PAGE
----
Limiting the function of these signaling pathways with IM and other TKIs is one mechanism that could result in immunosuppressive effects.39,40
It is just as plausible however, that IM enhanced the biologic activity of the K562/GM-CSF vaccines by its interactions at one or more critical junctures of the proposed T-cell activation pathways. IM has been shown to enhance the stimulatory capacity of antigen presenting cells to activate T cells, 41
to promote the development and activity of interferon-producing killer dendritic cells,42
and to limit the suppressive feedback loop of regulatory T-cells.43
The balance between IM's influence on the opposing arms of the immune response remains unclear, however its effects should not be discounted. These issues not withstanding, the ability of IM to hold the disease in a state of MRD affords a unique opportunity to intercede with immunotherapies that have mechanisms of action that are distinct from leukemia-intrinsic targeted therapies.
In general, the clinical importance of small changes in CML tumor burden, as measured by PCR, for remains unclear. Most PCR assays suggest that changes of up to 1-log may fall within the varibility of the assay and trends in the PCR values over time may better reflect a true clinical effect. Our study attempted to minimize the confusion in presenting the clinical responses by not simply duplicating the measures recommended by Branford, et. al.44
and Hughes, et. al45
to help analyze the IRIS study, but by presenting all of the data points to best show the trends in measures over time. The changes in tumor burden observed following immunotherapy in our study were intriguing as 13 of our patients had decreasing PCR trends following our immunotherapy, more than half of the responding patients reached the level of molecularly undetectable at some point during follow up, and 5 of these 7 responses appear durable. Despite the fact that PCR is in its relative infancy as a clinical tool, downward trends and achieving molecularly undetectable levels of disease support the biologic activity of the immunotherapy. The current study did not randomize patients between immunotherapy and observation leaving the question of ongoing molecular improvement based solely on IM therapy unanswered. Our patient population was composed of late chronic phase patients, 12 of whom had never achieved a major molecular response despite a median of over 3 years on IM, who would be unlikely to show significant changes in their tumor burdens on stable IM alone.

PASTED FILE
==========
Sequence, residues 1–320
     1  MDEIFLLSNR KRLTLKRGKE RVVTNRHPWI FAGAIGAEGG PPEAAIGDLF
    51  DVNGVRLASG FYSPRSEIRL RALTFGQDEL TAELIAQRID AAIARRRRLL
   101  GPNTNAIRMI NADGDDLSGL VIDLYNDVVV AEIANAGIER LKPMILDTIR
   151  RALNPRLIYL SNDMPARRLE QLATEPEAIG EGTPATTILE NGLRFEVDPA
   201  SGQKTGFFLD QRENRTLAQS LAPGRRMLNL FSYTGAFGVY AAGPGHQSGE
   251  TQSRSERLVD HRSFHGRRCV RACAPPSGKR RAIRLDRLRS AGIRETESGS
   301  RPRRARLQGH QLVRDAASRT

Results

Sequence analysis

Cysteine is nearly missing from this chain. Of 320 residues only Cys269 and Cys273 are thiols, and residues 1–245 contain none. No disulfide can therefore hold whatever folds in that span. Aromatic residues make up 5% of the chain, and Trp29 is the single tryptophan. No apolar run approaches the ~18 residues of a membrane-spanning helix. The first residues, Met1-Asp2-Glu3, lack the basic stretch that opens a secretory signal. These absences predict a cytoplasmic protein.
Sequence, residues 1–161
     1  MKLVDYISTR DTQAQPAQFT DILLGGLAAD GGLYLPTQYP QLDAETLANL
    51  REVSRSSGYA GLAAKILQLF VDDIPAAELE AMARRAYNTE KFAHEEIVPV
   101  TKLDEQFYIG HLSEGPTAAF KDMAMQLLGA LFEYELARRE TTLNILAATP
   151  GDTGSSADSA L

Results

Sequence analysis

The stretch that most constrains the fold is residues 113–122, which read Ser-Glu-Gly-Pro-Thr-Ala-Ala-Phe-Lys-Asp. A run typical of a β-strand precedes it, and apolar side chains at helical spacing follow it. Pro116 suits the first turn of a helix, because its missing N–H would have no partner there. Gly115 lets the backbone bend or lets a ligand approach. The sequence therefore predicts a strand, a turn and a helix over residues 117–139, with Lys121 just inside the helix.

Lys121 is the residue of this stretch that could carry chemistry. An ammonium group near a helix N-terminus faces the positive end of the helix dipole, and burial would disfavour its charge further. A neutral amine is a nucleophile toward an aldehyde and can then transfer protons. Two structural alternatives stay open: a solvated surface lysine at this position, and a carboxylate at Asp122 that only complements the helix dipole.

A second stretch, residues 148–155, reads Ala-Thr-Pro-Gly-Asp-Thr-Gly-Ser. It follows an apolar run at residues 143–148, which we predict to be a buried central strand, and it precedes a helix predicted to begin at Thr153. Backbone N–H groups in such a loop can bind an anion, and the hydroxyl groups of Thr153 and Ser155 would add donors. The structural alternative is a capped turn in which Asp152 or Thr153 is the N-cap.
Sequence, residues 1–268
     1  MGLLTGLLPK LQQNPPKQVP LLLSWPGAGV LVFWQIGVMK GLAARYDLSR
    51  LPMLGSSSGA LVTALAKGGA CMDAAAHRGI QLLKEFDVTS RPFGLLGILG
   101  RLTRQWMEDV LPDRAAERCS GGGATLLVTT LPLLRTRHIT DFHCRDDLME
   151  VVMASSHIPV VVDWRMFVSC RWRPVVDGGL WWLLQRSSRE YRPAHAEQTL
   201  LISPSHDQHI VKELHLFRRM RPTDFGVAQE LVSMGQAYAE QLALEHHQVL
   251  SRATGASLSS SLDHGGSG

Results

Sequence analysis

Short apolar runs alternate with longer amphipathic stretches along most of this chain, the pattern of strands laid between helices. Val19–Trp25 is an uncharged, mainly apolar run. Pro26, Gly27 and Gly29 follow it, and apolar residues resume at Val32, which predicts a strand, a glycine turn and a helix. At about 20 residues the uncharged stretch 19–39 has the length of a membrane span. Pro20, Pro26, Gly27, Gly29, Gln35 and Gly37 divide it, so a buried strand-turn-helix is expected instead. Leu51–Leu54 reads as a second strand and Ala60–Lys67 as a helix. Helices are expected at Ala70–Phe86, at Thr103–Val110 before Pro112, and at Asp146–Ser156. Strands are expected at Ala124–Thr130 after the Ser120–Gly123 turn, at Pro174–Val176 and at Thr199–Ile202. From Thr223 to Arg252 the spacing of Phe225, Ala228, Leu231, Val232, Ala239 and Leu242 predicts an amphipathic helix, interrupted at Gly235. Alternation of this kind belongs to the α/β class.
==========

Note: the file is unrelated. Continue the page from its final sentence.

This pilot study demonstrated that the use of K562/GM-CSF immunotherapy is well tolerated with no serious adverse events for any of the 76 vaccine cycles in our 19 subjects. This intervention was associated with the reduction of tumor burden and the achievement of both major and complete molecular responses in CML patients with previous incomplete responses to single agent IM. Ultimately, the impact of immunotherapy will best be determined in a trial in which the persistence of undetectable disease is assessed following the planned withdrawal of IM. This design has been incorporated into our ongoing follow-up trial to this pilot study.
STATEMENT OF TRANSLATIONAL RELEVANCE
The tremendous strides by imatinib towards improving outcomes for patients with CML appear only limited by its inability to directly eliminate early progenitors that remain in most patients despite years of therapy. Targeting such minimal residual disease may lead to improved outcomes and possibly eliminate the need for lifelong therapy. Immunotherapy has the potential to target such MRD based on the clinical observations that allogenenic stem cell transplant and donor lymphocyte infusions are both capable of curing patients with CML. Our manuscript describes the clinical impact of a K562/GM-CSF whole cell vaccine at decreasing MRD in a group of late, chronic phase patients. Elimination of MRD may result in medical cures for CML.